By D. Adamson
This quantity contains a chronological survey exploring Pascal's (1623-62) success as a mathematician, physicist and non secular philosopher, and a bankruptcy on his existence. His paintings on conic sections, the likelihood calculus, quantity thought, cycloid curves and hydrostatics is taken into account intimately. Analyses of the "Provincial Letters" and the "Thoughts" convey out the exact good points, thematic and technical, of every textual content. Pascal's lesser identified works and the bet argument also are studied.
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Additional info for Blaise Pascal: Mathematician, Physicist and Thinker about God
In two identical test tubes they measured the fall of the mercury; in both the level of mercury stabilized at 2 6 ^ (French) inches (of 1648) above the level of mercury in the trough. A Minim, Fr Chastin, was asked to make periodic observations of the one test tube they were proposing to leave behind; with an excitement which can scarcely be realized today (to us the experiment seems simple) they then set off on the ten-mile ascent of the Puy de Dome. Following the Roman road, some paving-stones of which still exist, they climbed to La Font-de-1'Arbre: the mercury stood at 25 inches!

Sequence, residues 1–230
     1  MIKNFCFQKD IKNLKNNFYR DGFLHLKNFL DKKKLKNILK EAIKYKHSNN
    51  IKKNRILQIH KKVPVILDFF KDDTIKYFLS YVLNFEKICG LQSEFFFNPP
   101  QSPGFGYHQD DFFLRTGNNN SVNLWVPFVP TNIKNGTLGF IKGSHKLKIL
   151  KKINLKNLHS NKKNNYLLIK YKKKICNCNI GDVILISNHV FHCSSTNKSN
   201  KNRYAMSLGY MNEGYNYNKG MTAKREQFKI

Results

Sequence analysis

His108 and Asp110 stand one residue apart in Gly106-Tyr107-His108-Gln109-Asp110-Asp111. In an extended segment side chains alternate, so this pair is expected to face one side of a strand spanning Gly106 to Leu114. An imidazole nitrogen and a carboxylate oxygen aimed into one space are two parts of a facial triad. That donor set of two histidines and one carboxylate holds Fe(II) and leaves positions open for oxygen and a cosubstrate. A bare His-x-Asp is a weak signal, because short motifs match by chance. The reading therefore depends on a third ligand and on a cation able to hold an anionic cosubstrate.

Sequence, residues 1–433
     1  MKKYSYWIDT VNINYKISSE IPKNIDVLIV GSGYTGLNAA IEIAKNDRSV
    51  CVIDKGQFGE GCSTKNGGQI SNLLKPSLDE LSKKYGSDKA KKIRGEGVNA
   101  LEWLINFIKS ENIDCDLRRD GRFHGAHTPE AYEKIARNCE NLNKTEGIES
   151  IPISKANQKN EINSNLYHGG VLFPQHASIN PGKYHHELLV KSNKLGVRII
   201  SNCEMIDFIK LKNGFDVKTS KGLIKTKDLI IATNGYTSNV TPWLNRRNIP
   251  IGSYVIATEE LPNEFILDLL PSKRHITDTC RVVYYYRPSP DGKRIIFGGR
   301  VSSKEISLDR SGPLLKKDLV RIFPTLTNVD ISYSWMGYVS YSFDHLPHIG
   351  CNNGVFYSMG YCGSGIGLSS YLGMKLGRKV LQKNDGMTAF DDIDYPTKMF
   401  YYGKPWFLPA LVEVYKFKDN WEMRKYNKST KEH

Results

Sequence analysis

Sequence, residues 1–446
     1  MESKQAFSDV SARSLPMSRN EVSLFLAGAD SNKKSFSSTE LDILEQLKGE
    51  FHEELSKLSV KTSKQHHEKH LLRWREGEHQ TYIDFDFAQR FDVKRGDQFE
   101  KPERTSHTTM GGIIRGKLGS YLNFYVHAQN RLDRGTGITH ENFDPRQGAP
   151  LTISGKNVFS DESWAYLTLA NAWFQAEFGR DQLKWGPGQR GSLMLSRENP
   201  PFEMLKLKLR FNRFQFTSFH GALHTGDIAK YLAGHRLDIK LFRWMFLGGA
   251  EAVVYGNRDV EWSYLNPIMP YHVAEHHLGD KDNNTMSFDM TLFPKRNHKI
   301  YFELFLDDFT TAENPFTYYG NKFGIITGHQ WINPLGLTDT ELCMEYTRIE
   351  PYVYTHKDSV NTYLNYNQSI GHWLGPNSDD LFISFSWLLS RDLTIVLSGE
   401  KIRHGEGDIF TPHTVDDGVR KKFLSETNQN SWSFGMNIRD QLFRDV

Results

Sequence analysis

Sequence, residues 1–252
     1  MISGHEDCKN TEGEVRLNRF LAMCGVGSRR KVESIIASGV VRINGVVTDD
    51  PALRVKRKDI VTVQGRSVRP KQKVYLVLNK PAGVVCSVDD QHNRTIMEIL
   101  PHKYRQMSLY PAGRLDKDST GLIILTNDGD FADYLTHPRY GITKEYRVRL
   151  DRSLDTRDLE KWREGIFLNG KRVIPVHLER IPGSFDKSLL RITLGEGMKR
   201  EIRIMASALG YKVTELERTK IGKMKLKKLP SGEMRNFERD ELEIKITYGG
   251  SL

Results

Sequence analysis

63 But at least until September 1654 it had also been a year of astoundingly varied and intense mental vitality. With Fermat, Pascal had created the probability calculus. Single-handedly he had made important advances in the geometry of indivisibles, pursued his work on conic curves and sections, contributed to the binomial theorem, constructed the Triangle, extended the applications of the Mystic Hexagon, and founded hydrostatics. And, as we know from Leibniz (II 227), there was much more of that abounding insatiable inventiveness than we can perhaps even imagine: the drafts, jottings and intuitions of a man too ill to organize his scientific work methodically.
Let us therefore consider death in Jesus Christ, and not without Jesus Christ. Without Jesus Christ it is horrifying, detestable and abhorred of nature. In Jesus Christ it is quite different: it is amiable, holy, and the joy of the faithful. All is gentle in Jesus Christ, even death itself; and this is why He suffered and died in order to sanctify death and suffering; and why, as both God and man, He has been both all that is great and all that is abject, so as to sanctify all things within Himself (493).